From the desk of Steven Strazza @Sstrazza and Ian Culley @Ianculley
Thanks to everyone who participated in last week’s Mystery Chart.
We questioned whether this consolidation would resolve in the direction of the primary downtrend–in which case we would expect a break lower.
Or maybe buyers would step in and defend those former lows once again.
Despite the lack of bearish momentum readings, many of you wanted to sell on a break below support, citing the primary trend as a major deciding factor.
And that’s basically where our heads were, too, as it’s always easier to go with the trend.
So what are we selling? Or should I say… buying?
The chart was the Small-Cap Technology ETF $PSCT… but it was inverted!
So those who wanted to sell on a breakdown were actually buyers, and vice versa.
Here’s a fresh look at the chart, right side up this time:
It might not be too apparent at the index level, but small-caps have been improving.
And, to no surprise, the relative strength we’re seeing further down the cap scale is in the same areas that are leading at the large-cap level.
Leadership is being driven by growth, with tech at the helm as usual.
So it would make perfect sense to see a similar course of events play out with small-caps, in which case tech would be the first area to break out and signal the next leg higher.
But that hasn’t exactly happened yet.
Things have changed slightly since last week, as PSCT made a very slight new high but quickly retreated back beneath the breakout level. Price remains in a sideways range, as buyers weren’t able to push past the February highs yet again.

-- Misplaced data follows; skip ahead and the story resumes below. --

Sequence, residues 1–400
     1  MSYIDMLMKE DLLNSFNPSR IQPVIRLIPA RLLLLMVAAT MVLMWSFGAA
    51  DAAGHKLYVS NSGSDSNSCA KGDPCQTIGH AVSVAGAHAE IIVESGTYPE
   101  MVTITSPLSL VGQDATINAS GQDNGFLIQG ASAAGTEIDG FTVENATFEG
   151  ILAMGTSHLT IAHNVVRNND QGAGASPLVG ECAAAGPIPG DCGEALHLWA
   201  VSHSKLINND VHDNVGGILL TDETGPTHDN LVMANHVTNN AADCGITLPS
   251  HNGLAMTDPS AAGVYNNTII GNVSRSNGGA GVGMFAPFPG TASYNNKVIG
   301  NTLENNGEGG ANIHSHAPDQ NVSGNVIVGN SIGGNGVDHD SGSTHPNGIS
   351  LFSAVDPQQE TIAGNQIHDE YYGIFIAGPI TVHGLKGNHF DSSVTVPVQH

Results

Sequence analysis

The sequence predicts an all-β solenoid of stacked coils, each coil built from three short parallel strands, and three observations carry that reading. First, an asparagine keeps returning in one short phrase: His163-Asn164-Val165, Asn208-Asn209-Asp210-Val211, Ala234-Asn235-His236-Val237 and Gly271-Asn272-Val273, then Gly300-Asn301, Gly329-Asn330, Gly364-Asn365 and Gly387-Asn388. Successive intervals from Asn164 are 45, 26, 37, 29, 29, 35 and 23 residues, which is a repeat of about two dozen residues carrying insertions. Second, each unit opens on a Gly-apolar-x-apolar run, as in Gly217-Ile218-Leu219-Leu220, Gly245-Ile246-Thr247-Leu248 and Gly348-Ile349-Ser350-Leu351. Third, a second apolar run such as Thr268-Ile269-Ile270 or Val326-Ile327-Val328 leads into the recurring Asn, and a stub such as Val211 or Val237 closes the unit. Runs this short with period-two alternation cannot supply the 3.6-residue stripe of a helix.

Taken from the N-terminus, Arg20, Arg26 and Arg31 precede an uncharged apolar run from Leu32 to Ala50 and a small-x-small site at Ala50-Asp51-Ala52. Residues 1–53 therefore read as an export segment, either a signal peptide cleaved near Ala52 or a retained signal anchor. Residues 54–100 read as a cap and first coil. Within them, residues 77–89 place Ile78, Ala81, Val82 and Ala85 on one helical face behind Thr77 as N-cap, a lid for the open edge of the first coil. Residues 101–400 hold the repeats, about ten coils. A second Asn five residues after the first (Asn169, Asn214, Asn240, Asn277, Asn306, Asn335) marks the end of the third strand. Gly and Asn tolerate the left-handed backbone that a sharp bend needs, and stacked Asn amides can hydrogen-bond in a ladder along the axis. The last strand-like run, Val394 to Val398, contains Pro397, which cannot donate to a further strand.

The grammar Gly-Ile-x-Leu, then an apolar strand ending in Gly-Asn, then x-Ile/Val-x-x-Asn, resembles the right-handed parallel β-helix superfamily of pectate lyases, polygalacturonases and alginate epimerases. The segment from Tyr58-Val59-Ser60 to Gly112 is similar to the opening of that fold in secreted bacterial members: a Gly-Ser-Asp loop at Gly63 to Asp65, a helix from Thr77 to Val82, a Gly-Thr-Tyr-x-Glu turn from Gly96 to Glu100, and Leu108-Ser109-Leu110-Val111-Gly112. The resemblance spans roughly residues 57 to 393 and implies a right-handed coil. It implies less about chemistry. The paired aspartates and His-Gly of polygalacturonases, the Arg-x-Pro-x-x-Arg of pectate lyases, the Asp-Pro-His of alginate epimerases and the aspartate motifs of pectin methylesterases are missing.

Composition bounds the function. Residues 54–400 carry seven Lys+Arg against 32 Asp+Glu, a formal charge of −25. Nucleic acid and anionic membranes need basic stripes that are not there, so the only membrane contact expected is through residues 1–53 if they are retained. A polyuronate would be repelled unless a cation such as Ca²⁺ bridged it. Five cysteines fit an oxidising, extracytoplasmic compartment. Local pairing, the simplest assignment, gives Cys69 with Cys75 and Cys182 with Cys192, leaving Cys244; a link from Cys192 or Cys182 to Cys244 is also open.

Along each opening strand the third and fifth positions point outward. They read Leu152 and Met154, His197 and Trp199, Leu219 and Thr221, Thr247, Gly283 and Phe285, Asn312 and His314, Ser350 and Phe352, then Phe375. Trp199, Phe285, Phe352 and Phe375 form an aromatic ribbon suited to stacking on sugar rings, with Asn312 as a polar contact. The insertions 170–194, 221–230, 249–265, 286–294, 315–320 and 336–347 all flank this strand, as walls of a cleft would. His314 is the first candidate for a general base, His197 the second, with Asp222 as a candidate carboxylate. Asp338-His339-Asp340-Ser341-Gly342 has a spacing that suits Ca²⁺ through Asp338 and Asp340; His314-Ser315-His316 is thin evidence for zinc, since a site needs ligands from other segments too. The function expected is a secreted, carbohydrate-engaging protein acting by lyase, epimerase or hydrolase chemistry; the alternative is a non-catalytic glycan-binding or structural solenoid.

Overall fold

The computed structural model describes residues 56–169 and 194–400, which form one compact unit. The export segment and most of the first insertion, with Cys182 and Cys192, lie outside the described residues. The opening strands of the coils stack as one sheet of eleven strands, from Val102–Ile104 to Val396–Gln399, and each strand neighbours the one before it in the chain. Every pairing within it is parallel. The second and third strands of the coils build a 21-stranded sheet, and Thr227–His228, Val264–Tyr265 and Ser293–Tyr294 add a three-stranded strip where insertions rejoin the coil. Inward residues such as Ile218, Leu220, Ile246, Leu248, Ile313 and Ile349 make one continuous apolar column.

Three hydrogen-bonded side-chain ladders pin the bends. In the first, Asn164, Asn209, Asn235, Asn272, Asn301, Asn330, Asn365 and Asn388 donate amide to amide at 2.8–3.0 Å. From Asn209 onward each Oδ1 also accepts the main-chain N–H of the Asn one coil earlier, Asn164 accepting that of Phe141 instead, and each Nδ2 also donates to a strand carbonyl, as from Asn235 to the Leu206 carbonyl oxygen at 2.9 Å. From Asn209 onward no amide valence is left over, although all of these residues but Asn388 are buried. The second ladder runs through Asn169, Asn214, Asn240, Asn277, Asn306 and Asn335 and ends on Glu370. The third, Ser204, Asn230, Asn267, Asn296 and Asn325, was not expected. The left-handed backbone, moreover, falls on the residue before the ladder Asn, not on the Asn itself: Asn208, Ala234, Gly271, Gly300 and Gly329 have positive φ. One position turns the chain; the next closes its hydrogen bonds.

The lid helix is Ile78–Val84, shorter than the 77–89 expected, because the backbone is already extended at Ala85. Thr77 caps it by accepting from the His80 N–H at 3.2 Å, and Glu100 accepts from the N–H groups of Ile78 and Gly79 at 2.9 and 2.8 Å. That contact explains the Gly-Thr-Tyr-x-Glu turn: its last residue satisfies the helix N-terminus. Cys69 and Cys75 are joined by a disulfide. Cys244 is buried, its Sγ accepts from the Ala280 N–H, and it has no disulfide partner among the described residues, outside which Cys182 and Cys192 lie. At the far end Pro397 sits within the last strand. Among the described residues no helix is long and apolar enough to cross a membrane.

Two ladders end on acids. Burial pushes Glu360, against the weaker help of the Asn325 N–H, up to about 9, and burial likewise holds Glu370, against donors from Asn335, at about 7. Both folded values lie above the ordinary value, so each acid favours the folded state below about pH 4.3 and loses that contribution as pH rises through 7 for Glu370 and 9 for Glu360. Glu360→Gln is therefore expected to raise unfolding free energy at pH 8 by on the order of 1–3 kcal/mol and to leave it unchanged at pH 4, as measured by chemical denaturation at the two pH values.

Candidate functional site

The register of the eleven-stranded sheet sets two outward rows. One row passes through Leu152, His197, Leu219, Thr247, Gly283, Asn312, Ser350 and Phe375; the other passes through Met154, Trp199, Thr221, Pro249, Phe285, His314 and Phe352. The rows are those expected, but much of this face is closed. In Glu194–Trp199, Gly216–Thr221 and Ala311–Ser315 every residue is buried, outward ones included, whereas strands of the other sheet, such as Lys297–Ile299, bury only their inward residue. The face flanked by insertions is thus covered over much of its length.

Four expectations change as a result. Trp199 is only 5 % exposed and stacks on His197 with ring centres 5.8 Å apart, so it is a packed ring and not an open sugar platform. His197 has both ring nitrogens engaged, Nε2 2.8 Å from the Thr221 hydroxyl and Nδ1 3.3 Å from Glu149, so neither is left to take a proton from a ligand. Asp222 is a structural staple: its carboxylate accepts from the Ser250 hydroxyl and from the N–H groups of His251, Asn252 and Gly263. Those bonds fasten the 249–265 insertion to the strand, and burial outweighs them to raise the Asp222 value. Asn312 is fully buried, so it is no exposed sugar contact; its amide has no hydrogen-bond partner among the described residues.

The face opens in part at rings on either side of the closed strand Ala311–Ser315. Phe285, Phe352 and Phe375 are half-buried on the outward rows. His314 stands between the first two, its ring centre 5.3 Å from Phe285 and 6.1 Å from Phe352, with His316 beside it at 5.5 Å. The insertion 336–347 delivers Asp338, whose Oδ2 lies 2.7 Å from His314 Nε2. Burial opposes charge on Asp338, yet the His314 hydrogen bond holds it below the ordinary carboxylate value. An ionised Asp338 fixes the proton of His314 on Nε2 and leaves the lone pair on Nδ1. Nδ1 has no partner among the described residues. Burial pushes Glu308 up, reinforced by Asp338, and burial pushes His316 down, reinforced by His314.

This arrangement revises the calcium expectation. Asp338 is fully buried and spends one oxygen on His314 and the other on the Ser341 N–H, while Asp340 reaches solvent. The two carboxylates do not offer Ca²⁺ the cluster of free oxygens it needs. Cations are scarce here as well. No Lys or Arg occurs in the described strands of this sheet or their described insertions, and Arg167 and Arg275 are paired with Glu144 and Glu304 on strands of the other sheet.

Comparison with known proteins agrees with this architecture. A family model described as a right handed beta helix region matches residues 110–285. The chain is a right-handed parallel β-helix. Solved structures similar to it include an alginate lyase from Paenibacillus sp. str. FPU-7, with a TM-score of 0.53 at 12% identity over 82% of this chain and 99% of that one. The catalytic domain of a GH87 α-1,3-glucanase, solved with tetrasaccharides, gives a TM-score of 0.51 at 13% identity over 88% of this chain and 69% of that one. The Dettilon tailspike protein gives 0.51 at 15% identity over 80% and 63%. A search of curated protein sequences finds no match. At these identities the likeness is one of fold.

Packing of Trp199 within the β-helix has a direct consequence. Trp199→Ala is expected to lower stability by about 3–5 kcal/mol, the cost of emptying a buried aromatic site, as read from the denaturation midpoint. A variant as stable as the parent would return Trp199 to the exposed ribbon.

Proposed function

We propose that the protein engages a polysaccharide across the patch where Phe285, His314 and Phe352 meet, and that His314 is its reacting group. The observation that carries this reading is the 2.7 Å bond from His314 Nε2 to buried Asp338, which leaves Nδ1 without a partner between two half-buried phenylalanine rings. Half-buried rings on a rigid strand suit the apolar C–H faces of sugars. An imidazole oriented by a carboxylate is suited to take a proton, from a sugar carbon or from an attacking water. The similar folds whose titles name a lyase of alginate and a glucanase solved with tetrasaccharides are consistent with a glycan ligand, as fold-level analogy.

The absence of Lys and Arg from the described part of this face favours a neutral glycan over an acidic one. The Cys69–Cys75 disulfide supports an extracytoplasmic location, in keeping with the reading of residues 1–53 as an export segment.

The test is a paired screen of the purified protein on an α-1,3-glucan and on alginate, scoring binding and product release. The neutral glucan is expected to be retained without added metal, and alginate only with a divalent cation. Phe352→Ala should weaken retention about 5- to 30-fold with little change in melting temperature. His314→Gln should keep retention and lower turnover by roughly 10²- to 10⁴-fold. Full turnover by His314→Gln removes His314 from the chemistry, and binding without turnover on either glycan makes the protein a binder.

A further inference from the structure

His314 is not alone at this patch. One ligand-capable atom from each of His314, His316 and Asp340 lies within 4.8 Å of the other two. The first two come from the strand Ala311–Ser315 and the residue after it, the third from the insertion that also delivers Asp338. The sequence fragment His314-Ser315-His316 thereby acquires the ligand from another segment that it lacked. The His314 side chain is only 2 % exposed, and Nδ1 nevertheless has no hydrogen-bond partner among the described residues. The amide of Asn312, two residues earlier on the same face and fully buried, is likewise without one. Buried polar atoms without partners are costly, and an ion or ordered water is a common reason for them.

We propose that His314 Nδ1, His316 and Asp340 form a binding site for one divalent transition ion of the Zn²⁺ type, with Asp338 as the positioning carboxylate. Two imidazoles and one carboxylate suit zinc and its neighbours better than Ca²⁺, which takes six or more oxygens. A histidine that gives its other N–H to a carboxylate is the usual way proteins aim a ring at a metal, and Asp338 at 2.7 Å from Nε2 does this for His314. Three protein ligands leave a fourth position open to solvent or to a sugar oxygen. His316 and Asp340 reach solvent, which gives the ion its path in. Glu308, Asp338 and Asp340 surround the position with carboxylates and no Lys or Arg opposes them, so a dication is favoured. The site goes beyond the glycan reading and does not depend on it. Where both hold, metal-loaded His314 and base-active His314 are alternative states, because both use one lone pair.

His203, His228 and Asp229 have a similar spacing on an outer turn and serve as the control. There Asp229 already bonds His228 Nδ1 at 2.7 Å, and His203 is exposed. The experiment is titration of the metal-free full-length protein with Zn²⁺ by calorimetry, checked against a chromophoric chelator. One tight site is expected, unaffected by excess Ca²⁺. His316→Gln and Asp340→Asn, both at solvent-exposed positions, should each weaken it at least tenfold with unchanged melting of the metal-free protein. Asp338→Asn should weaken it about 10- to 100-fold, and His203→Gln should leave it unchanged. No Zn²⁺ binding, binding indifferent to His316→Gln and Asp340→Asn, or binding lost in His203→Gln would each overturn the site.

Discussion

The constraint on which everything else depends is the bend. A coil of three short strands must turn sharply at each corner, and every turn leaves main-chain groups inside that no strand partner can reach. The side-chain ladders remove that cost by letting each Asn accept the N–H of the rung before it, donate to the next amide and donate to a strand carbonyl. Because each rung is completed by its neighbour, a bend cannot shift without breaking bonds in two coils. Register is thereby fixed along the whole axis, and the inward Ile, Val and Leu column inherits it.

Notice how the recent performance in PSCT differs with the direction of its structural trend as well as that of its peer the Large-Cap Technology ETF $XLK.
Despite the underlying uptrend, PSCT has gone nowhere since Q1. Meanwhile, large-cap tech seems to make a new high every other day.
Bulls want to see small-caps break out of this base and confirm the new highs in large-caps. And if these small-cap leaders kick off a new leg higher, they could very well drag the Russell 2000 and the S&P 600 with them. In that environment, the other sectors are likely heading back toward new highs as well.
But let’s not get out over our skis here. This could very well be a failed breakout, in which case we definitely don’t want to own PSCT.
On the other hand, with how sloppy this market environment is, it wouldn’t surprise us one bit if it was just a false start and the current action turns out to be a bear trap.
As such, we want to be ready to buy some strong names within small-cap tech, so let’s discuss a few of our favorite long setups.Lost Password?